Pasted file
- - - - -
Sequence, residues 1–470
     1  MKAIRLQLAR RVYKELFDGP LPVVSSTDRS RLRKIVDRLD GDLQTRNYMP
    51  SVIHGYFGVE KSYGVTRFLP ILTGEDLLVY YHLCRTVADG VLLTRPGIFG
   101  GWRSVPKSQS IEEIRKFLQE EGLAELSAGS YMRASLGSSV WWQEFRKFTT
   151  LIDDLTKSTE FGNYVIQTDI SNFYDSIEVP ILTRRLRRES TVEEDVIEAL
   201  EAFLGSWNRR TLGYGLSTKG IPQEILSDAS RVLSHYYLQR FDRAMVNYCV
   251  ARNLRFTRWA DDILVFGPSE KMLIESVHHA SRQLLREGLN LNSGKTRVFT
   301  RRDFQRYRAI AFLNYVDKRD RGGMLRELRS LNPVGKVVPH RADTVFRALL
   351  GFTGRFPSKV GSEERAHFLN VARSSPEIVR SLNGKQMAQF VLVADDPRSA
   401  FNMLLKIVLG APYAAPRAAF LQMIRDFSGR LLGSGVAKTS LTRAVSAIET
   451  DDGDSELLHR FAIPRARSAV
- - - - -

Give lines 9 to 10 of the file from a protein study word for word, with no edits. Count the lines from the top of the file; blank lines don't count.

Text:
   351  GFTGRFPSKV GSEERAHFLN VARSSPEIVR SLNGKQMAQF VLVADDPRSA
   401  FNMLLKIVLG APYAAPRAAF LQMIRDFSGR LLGSGVAKTS LTRAVSAIET